Wednesday 22 October 2014

Corina Creţu ten years ago


Corina Creţu was confirmed this afternoon as the European Commissioner (the Romanian word 'comisar' has a strangely Communist flavour) for Regional Development and therefore the statutory Romanian member of the European Commission.

People in England have been asking me about her which led me to dig out this article I wrote about her part in the exit of Ion Iliescu from the leadership of the post-communist Social Democratic Party (PSD), in April 2005.

We have passed a lot of water under the bridge since those days, to quote Sam Goldwyn, and much has happened to all the figures mentioned in the article. Corina Creţu, before being nominated to the commission, was best known for having exchanged "very personal emails" with the very married Colin Powell. These had begun in 2005. Guccifer the Romanian hacker who hacked into her email account and made the contents public has  just been sentenced to seven years, poor fellow. It seems very harsh.

Mircea Geoană came within a whisker of beating Traian Basescu in the presidential election in 2009, just as Adrian Nastase had done in 2004. Mr. Geoană has since been expelled from the party and then readmitted, but is effectively sidelined, while Adrian Nastase is serving his second prison sentence for corruption. Mr. Meleșcanu runs the external secret service and is standing for president, but doesn't have much of a chance. Mr. Iliescu is still honorary president of his party.

Ole Ole Ole Iliescu nu mai e!

History said a now discredited German philosopher repeats
itself first as tragedy then as farce. Marx's comment on the French
revolution of 1848 sprang to mind as Ion Iliescu was
removed in an unexpected internal coup from the leadership of the
Social Democratic Party (PSD) the party he founded and for fifteen
years dominated even when as President he was required not to belong
to a political party. The parallels with the way in which he removed
his predecessor Nicolae Ceausescu from power were irresistible. Ole
ole ole Iliescu nu mai e! sang the front page of the tabloid Libertate
and the headline appeared in other papers, a paraphrase of the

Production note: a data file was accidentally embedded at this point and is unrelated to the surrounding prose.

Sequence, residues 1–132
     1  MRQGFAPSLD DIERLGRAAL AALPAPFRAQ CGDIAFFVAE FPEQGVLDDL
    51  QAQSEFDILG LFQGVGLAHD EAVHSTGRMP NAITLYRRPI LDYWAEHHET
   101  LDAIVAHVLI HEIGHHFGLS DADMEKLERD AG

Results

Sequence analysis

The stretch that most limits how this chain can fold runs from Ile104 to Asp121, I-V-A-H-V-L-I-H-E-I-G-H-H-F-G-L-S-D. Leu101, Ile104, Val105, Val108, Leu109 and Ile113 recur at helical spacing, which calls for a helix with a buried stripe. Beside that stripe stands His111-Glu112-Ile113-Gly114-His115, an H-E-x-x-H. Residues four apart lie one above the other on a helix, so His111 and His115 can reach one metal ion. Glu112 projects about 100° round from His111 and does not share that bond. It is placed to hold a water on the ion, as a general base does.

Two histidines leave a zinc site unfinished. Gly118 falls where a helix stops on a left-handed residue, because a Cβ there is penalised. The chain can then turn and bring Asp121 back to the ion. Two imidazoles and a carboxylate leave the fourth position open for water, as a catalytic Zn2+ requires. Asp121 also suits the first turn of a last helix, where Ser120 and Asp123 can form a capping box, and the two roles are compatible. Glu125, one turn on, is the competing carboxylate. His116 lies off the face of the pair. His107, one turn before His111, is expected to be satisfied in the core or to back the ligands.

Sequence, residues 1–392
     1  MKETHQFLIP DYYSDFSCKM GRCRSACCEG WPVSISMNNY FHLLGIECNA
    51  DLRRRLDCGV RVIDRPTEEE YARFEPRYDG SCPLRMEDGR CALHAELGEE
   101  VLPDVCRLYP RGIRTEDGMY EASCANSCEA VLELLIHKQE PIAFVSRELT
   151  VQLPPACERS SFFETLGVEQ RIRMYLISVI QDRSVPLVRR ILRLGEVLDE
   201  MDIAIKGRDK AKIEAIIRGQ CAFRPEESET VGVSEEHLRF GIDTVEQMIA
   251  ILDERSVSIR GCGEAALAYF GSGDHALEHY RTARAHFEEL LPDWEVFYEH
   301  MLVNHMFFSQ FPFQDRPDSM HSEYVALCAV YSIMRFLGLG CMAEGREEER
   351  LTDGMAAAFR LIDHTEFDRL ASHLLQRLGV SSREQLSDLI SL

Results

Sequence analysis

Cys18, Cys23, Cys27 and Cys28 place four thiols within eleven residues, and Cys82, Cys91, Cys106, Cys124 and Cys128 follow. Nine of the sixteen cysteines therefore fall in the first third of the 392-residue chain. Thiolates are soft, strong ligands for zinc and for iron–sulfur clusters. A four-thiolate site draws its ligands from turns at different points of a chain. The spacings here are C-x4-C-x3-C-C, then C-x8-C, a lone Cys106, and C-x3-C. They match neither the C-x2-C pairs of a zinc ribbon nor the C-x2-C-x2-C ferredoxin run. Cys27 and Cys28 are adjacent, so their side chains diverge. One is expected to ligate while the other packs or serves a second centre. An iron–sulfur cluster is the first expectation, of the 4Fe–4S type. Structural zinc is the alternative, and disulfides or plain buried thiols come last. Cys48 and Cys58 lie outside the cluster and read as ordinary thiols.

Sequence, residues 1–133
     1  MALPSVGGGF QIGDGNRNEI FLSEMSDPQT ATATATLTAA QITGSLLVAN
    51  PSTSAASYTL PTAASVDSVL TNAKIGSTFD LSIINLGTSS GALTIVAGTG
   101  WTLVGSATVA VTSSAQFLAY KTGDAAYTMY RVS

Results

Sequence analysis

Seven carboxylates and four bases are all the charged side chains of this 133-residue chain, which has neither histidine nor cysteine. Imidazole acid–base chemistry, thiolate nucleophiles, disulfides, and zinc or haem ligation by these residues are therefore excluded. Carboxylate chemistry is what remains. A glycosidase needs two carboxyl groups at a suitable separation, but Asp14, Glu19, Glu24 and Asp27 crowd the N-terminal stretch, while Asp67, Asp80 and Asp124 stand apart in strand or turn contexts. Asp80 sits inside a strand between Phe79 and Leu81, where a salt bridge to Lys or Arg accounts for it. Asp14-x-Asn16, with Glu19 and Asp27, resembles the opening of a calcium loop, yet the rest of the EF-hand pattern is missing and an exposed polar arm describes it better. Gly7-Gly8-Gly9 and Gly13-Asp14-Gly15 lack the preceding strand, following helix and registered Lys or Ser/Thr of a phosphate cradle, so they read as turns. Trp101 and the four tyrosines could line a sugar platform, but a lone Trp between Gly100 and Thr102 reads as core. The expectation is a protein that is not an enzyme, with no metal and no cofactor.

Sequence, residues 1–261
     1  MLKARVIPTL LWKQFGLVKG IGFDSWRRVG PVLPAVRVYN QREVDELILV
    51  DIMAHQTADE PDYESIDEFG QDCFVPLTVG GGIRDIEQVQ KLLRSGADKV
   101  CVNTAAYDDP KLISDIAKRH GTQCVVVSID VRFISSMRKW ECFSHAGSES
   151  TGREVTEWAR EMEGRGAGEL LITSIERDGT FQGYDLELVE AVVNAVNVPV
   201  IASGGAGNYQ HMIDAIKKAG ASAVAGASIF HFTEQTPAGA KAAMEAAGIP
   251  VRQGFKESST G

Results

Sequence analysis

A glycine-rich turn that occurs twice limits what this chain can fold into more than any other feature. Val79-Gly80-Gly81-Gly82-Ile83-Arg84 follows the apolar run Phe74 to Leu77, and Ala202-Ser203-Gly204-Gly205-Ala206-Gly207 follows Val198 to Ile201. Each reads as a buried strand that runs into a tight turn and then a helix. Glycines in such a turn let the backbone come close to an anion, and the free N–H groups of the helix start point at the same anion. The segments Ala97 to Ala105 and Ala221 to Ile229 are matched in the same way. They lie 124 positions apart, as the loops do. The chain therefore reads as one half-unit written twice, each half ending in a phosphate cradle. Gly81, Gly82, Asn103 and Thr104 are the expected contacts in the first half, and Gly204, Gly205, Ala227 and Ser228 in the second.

euphoric chant of the crowds in the 1989 Revolution: hurrah hurrah
Ceausescu is no more!

Fifteen years ago Iliescu and his fellow Gorbachov Communists took over the Oedipal popular uprising against Ceausescu which many now say was staged by an alliance between the KGB and Western intelligence agencies. For most of those fifteen years Ion Iliescu, now 75 and educated at Moscow University in Stalin’s time, where he is said to have been recruited by Russian intelligence, had presided over Romania as she made the slowest progress of any former Soviet satellite in Eastern Europe towards functioning capitalism. In those fifteen years former Communists ran a kleptocracy comparable with Yeltsin’s Russia or Lukashenko’s Belarus while the Government slowly adopted chapter by chapter the requirements of entry to the European Union.
Now the younger generation of Social Democrats whom Iliescu had nurtured turned on him and at last cornered the consummate political fixer.  It was Iliescu who to his
surprise and horror found himself losing control of the Party Congress
of April 21.This time a coup de theatre rather than a coup d'etat. And
marvellous theatre it was.

In the four months since PSD Prime Minister Adrian Nastase snatched
defeat from the jaws of victory in the Presidential elections, Iliescu
had given effortless master classes in how to outmanoeuvre your
political rivals. He had checkmated Nastase and Mircea Geoana in the
same way that he had sidetracked in turn Petre Roman, Teodor Melescanu
and every other rival for power within his party for fifteen years.
Nastase had discovered that he wasn't strong enough to stand against
Iliescu for the leadership of the party and was touchingly grateful to